That is a pretty big jump in unthrottled CPU speed. I think this patch, together with the Software Renderer that I still have in progress will make EWM run pretty well on the Raspberry Pi Zero.

If you are interested in playing around with my emulator, you can find the project at

EWM Update: Small Things

Here is an overview of some small improvements I made this week. It has been hard to find quality time to work on this project so I am not going as fast as during the Christmas break.

The Apple 1 emulation in EWM now blinks the cursor. I did not know that it blinked until I saw some videos on YouTube.

I probably got the frequency wrong.

Control keys

In the Apple ][+ emulation, I now properly support Control-A to Control-Z. I tested this with the Apple II+ Dealer Diagnostics disk, which has a keyboard hardware test program. There is no date on it, but it is probably 1978 or so.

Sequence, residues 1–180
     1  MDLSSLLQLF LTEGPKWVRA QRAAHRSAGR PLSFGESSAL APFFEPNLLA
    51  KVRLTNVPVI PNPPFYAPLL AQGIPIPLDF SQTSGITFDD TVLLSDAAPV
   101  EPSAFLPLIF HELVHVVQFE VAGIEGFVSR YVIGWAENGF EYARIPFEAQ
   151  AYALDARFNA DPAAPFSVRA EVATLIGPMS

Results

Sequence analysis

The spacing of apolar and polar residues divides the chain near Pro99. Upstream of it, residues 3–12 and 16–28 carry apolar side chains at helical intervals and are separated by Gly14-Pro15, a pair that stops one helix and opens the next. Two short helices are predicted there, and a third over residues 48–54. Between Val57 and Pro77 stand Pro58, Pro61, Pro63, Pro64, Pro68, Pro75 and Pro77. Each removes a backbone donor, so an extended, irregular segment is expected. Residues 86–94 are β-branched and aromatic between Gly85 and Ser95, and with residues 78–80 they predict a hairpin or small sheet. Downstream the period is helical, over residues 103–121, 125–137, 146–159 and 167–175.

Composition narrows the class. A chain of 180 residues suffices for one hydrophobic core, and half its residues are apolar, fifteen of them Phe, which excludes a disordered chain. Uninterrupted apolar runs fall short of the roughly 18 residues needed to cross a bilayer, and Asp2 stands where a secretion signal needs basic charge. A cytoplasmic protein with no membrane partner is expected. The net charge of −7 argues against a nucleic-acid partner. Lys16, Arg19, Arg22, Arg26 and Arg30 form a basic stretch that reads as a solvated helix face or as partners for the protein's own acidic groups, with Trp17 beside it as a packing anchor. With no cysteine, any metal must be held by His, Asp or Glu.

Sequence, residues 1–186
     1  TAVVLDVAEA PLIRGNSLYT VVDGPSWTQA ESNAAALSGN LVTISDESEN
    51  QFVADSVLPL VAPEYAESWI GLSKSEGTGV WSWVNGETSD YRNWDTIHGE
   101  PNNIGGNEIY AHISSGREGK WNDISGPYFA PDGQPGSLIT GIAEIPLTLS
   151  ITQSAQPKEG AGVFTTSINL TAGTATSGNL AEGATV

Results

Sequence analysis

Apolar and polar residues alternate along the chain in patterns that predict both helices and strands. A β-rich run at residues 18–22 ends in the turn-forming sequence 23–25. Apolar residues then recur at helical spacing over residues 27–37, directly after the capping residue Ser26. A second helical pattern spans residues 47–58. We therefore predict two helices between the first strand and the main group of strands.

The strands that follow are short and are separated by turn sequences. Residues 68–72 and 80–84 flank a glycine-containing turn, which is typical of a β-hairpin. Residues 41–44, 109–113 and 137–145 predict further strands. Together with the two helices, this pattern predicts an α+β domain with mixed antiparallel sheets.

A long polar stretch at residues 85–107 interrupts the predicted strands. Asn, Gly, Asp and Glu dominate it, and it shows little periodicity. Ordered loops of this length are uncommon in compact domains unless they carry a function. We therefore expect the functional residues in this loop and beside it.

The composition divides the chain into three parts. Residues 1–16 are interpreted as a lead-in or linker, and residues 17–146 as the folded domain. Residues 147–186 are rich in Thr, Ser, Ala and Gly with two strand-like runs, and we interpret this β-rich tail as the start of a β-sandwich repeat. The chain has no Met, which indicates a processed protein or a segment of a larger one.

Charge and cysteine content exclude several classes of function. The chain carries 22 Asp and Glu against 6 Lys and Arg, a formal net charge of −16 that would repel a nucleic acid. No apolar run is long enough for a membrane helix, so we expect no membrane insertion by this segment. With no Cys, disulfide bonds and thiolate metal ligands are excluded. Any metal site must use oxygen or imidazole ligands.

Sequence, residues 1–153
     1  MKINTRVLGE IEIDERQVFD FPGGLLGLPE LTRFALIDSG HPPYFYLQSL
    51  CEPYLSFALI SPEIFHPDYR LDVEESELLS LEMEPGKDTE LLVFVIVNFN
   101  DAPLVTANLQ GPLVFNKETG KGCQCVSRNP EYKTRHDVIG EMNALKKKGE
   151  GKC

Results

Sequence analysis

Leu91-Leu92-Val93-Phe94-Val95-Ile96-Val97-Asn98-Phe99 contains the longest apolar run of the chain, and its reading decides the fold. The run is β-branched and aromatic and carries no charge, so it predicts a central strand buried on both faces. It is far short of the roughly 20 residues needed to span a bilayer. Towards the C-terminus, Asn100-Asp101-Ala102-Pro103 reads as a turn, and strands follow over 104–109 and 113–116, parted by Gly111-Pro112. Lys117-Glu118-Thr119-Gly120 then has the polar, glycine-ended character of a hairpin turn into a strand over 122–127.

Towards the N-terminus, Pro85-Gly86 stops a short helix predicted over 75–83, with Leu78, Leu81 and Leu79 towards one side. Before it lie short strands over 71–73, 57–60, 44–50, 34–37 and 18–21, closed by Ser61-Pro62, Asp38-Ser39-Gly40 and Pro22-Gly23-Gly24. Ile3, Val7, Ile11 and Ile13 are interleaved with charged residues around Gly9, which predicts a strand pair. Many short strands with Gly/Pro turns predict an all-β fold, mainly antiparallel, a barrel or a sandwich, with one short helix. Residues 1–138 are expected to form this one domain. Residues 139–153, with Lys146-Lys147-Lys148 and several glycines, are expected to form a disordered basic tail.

Disk images in .nib format

EWM can now load disk images in the .nib format. This is a format that does not just contain a dump of the track and sector data. Instead it has the raw encoded disk contents. It turned out that is the exact same internal format that EWM uses for the disk emulation code, so this was a pretty simple thing to do.

If you are interested in playing around with my emulator, you can find the project at

EWM Update: Raspberry Pi Zero

It has been difficult to find the time to hack on EWM since I went back to work. Busy busy. But I did manage to make some small improvements to better support the Raspberry Pi Zero.